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Catholic Charities Centennial

Celebrating the permanence of Christ’s

love throughout a century of change

By REBECCA FORD
Catholic Social Service

Every so often, I bet each of us has those moments when we feel a need to pause, rise up from under the canopy of daily life and take a better look at the broader landscape of where we’ve come from and where we’re going. New Year celebrations, birthdays, anniversaries and jubilees are just a few of the moments that lend themselves to such reflection.  
The Catholic Charities Centennial that we celebrate this year is one of those moments, and a lot has happened over the past 100 years.
The change is mind-boggling when you think about it. We’ve gone from horses, rifles, simple automobiles, and freighters to hybrid vehicles, cruise ships, airliners, atomic bombs, and space shuttles. Our life expectancy has risen from 50 to 78. Our quality of life has been enriched by radio, television, antibiotics, frozen food, computers, the internet, and mobile smartphones.  We’ve gone from ABC, NBC and CBS to Myspace, YouTube and Facebook. We’ve replaced the annual set of Britannica Encyclopedias with the online Wikipedia in more than 200 languages. We now have access to about 15.15 billion web pages, 100,000 iPhone apps, 10,500 radio stations, 5,500 magazines, and 200-plus cable television networks.  It is estimated that a week’s worth of the New York Times contains more information than a person was likely to encounter in an entire lifetime prior to the 20th Century. And yet, there are some things that don’t change. Even though America has become one of the richest countries in the world, consuming more than one-fourth of the world’s goods and services, our poverty rate hasn’t dipped below 10 percent for decades. Today, 39.8 million Americans live in poverty, which was equal to about $22,025 for a family of four in 2008.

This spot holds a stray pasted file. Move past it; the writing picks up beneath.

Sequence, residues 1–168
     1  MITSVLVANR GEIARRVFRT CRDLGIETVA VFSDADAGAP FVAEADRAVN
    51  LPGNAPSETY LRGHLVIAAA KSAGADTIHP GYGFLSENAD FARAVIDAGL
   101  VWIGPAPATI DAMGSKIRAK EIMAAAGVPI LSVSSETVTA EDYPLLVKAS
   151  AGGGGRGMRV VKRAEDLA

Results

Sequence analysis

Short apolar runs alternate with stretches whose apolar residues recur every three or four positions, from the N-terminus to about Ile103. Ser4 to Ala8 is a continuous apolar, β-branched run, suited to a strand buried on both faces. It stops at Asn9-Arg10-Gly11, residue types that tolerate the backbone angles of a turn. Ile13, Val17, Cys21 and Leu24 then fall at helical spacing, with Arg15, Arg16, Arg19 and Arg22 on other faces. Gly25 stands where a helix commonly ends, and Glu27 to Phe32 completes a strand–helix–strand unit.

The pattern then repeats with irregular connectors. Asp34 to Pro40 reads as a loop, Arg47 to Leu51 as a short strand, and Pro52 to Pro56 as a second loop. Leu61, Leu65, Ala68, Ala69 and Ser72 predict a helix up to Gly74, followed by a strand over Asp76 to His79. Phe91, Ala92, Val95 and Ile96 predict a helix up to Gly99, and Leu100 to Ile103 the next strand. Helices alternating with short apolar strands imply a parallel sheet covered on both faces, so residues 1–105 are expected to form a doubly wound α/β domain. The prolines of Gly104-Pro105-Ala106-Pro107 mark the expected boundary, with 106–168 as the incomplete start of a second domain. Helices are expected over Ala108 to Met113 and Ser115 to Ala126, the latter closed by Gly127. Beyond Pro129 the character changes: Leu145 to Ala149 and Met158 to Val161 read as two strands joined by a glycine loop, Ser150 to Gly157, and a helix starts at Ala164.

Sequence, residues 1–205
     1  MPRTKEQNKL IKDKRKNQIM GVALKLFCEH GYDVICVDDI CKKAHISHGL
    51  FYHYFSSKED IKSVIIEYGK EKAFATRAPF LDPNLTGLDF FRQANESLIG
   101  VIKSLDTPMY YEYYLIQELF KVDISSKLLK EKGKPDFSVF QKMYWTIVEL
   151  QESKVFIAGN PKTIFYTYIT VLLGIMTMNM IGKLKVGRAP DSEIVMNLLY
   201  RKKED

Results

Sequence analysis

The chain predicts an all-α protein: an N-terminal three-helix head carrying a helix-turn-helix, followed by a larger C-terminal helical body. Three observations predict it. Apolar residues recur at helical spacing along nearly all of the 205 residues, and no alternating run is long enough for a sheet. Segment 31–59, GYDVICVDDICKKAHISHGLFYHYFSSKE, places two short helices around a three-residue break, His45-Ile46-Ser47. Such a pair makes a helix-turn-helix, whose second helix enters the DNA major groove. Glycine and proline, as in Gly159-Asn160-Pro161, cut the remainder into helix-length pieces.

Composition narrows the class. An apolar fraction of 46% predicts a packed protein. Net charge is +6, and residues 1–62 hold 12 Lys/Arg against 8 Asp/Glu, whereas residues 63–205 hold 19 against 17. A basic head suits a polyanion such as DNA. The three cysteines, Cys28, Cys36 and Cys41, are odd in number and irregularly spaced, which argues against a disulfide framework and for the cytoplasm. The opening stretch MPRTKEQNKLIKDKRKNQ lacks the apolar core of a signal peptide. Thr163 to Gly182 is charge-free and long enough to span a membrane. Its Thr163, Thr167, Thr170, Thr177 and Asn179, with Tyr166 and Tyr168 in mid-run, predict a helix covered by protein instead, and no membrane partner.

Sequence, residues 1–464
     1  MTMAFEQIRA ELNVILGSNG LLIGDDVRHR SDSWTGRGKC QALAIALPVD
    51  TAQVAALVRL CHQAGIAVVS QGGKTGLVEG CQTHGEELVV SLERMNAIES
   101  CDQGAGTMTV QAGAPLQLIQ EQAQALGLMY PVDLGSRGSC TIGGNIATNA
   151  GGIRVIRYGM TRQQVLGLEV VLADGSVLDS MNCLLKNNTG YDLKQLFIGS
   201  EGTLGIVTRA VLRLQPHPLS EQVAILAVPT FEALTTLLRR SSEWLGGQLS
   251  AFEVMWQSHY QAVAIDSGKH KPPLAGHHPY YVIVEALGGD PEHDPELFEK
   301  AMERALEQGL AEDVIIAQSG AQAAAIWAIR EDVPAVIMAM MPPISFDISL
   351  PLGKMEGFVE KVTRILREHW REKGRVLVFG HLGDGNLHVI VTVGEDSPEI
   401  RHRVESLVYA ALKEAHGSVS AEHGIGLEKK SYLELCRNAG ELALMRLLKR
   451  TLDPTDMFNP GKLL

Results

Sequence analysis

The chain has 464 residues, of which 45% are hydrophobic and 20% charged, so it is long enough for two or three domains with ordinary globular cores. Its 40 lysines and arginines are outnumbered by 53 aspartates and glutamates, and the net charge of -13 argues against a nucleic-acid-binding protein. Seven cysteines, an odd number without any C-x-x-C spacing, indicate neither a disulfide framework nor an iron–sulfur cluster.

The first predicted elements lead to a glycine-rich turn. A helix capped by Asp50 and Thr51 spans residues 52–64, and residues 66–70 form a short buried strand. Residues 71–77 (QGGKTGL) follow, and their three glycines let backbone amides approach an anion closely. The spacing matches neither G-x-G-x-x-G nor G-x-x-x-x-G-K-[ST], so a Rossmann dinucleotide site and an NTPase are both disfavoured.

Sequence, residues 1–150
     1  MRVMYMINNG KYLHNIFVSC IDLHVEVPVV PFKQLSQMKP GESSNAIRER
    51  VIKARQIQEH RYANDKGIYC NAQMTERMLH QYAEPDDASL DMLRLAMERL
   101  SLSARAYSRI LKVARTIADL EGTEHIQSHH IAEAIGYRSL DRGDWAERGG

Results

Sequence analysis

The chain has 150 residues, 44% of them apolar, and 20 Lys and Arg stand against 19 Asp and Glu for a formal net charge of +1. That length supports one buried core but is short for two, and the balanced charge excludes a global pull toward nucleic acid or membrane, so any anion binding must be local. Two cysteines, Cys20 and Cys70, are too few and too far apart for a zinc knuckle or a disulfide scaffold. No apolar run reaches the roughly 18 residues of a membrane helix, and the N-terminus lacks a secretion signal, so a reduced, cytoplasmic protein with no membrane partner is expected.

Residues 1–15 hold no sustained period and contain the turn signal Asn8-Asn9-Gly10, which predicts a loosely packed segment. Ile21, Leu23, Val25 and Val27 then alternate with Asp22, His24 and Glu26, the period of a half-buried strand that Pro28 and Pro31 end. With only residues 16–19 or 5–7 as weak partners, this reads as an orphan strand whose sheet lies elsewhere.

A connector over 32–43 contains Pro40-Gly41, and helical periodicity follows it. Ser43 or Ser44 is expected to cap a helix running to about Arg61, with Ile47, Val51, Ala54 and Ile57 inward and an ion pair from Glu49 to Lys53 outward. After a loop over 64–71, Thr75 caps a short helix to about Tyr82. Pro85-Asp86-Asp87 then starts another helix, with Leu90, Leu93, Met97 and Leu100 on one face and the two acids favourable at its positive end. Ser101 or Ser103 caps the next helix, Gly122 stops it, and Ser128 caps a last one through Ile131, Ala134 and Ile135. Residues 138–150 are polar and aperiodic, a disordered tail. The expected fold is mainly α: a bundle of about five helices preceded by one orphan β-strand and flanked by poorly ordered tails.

But there is something else that hasn’t changed, either: Christ’s enduring love, and the Catholic Charities’ mission to reduce poverty, support families, empower communities, and to be “attorney for the poor,” regardless of the changing times and seasons. Today, Catholic Charities USA (CCUSA, formally the National Conference of Catholic Charities) is recognized as one of the nation’s largest social service networks, with 90 percent of every dollar going directly to programs and services. Catholic Charities’ agencies provide help and create hope for more than nine million people of all faiths each year. Truly, we have much to celebrate on this Catholic Charities Centennial Celebration.
But the cycle of poverty remains and has even increased over the last few years. That is why Catholic Charities Agencies across the country have chosen to celebrate our centennial anniversary by renewing our commitment to truly reduce poverty in our country.  We have initiated a campaign to reduce poverty by 50 percent by the year 2020. For more information, and to endorse the campaign, please visit our website at http://catholicsocialservice.org/social-justice/issues-and-resources/poverty.
In the meantime, please join Catholic Social Service on Catholic Charities Sunday, Sept. 25-26,  as we pause to review, reflect on, and celebrate 100 years of service to those most in need.

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